No one in the D.C. fire department seemed surprised when Kevin Taylor, a former firefighter, was shot to death last week in Richmond. The execution-style slaying seemed to confirm what many knew or suspected: that Taylor, 23, had a drug problem.

Richmond police said witnesses told them that Taylor, who lived at 3320 27th Ave., Temple Hills, and a companion, William A. Powell, 25, of 2805 Jasper St. SE, were both shot several times in the head, neck and body Nov. 7 during a drug transaction that went sour. Undetermined amounts of money and narcotics were found on the scene, police said. They said no arrest has been made in the incident.

For Taylor, who was a firefighter for about five months, it was the culmination of a life style that many in the fire department say they knew about, and the nagging question, they said, was whether the department was adequately equipped to deal with it.

Beyond that, officials said, is the larger issue of drug and alcohol use in the fire department, and what the department is doing to detect and treat those illnesses.

"The department doesn't want to face up to the '80s," said William E. Mould, president of the International Association of Firefighters, Local 36. Mould said there are "probably a dozen serious" drug offenders in the 1,200-man department in addition to those who are recreational users.

"This is a very stressful job and you can be sure we have people using these substances . . . . I have constantly tried to get the department to inaugurate some kind of alcohol and drug rehabilitation program . . . but they are afraid it will document that the department has a problem."

Fire department spokesman Ray Alfred said that Fire Chief Theodore Coleman "won't tolerate drug use on the job. But he wants to be compassionate and look at the alternatives to dismissal , one of which is an employe assistance program" that offers counseling by two psychiatrists at the police and fire clinic.

"We know there is a stigma attached with seeing a doctor , so we don't want people to be afraid to seek help. But if anyone is caught under the influence on the job, he'll be severely disciplined."

Last spring, Taylor's drug problem was no longer a secret. On Feb. 29, according to internal fire department records, he was stationed to the "fire watch" at the shelter for the homeless, 425 Second St. NW, as part of the nightly group of firefighters who guard the building because of concern about its dilapidated condition.

At 6 a.m., Capt. James Greco and Battalion Chief Edward Rinker went to the shelter to investigate a report that Taylor was behaving erratically, according to the reports, and they asked Taylor to submit to drug tests at the Washington Hospital Center. As they were driving him to the hospital, Taylor became agitated, the reports say, and he hit Greco in the eye.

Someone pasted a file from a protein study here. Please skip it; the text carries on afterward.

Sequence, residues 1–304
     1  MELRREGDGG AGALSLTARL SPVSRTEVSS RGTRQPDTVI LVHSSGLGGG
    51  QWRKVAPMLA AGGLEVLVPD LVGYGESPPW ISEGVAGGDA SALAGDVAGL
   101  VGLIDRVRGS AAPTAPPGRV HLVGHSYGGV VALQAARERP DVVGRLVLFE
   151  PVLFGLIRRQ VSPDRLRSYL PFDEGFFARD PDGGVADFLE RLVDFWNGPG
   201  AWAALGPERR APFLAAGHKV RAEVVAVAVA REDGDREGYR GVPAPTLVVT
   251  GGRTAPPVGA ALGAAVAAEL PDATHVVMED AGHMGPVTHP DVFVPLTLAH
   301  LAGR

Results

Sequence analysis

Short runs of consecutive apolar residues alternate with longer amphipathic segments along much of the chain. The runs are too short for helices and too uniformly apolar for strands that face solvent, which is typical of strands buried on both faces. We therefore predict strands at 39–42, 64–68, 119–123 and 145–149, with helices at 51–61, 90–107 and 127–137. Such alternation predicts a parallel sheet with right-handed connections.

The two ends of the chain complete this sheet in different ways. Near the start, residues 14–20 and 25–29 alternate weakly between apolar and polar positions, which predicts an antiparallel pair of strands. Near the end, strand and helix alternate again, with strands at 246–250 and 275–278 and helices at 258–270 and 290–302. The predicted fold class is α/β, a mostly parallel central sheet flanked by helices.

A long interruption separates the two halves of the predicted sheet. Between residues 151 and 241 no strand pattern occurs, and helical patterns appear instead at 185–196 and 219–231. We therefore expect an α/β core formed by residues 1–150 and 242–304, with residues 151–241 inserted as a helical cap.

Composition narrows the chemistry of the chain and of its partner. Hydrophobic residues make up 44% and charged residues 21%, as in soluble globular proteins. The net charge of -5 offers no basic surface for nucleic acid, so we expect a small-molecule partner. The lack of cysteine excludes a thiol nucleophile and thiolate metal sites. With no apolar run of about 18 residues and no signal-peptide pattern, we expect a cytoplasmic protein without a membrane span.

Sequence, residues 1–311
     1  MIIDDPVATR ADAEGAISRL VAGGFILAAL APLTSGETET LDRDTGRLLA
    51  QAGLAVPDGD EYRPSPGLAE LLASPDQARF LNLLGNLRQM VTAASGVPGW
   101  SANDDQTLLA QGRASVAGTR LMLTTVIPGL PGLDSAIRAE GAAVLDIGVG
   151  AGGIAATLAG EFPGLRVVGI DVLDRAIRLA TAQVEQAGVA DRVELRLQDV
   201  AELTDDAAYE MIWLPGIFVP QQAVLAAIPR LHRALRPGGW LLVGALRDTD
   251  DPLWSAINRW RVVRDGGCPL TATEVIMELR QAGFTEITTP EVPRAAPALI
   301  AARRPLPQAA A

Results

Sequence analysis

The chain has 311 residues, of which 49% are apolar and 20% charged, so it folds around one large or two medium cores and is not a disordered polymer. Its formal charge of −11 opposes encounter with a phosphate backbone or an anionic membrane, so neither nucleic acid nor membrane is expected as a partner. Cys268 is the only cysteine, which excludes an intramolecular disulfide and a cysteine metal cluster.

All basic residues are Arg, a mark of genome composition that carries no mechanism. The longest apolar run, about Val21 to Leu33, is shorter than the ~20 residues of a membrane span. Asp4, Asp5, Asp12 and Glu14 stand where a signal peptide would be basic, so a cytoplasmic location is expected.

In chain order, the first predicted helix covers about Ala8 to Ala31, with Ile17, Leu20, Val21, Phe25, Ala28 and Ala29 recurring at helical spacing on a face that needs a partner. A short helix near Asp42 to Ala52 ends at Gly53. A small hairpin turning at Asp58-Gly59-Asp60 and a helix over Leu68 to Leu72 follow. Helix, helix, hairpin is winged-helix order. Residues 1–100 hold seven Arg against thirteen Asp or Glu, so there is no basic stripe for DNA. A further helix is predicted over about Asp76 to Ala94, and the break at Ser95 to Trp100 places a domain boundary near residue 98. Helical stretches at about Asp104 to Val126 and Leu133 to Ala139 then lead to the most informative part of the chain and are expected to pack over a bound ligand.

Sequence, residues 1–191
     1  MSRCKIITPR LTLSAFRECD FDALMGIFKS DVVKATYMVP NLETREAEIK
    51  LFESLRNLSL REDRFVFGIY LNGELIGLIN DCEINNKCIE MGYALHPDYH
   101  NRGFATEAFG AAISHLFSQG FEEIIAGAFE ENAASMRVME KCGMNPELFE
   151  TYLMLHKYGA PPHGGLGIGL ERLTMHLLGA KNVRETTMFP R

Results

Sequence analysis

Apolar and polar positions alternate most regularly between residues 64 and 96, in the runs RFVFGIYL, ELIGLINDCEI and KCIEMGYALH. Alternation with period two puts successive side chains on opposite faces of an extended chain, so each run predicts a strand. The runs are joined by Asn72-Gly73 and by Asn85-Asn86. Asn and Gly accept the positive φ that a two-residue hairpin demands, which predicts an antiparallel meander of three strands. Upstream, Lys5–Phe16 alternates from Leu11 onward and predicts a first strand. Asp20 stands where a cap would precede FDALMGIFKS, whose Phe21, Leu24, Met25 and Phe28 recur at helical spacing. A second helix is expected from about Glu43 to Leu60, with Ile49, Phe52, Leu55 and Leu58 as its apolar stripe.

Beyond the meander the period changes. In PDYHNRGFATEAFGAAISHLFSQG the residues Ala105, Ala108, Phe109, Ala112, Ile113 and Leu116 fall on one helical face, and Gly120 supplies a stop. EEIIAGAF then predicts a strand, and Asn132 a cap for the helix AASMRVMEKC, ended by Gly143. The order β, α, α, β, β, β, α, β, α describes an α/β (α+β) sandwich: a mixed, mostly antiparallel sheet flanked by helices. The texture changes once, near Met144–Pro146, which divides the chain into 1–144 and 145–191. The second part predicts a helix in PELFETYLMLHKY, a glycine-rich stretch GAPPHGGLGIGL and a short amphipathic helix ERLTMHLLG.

It turned into a brawl inside the car, but Rinker and Greco were able to subdue Taylor, who subsequently refused to take tests at the hospital, according to the reports. He was arrested and charged with assault, according to police.

At the shelter, police recovered a packet of drugs that two firefighters said they saw Taylor drop, and he was also charged with possession of PCP and possession of PCP with intent to distribute, a police spokeswoman said.

According to Alfred, Taylor resigned before the fire department could fire him. Taylor's attorney, Arthur M. Reynolds, said, "Kevin's position was that the PCP and marijuana found on the floor were not his and had never been in his possession. His version of the fight was that he acted in self-defense."

Greco, who was out on sick leave for two months as a result of the incident, said he suffers from permanent blurred vision because of a scar on his retina that he received during the attack.

The fight was one of numerous drug-related incidents that have occurred recently in the fire department, according to Battalion Chief George B. Capps, who heads a committee formed in September by the Chief Officers Association to investigate drug use in the department.

So far, Capps' investigation has uncovered 10 cases of firefighters who use drugs and a dozen other incidents that may be drug-related, he said.

Capps said that he will send a report to Chief Coleman that recommends a mandatory drug testing program similar to the one used by the police department. Currently, Capps said, the department's only mandatory test is administered to recruits when they join the department.

Alfred said that chiefs can request that firefighters submit to drug tests if there is a reason to suspect that they are under the influence. However, he said, "We are coming to a time when we are . . . probably going to go to the system that the police department has."

The police department requires tests at the end of the first year of probation, at a five-year physical exam, during promotional physicals and any time a member of the department reports to the police and fire clinic for a physical exam, a police spokesman said. In addition, he said, spot tests are administered to recruits during their training period.

Alfred said that two psychiatrists are at the police and fire clinic to provide counseling to any member of the department who needs it.

However, firefighters and other officials say that this service is infrequently used because few people seem to know about it, and those who do are afraid that they might be punished if the department finds out about their illness.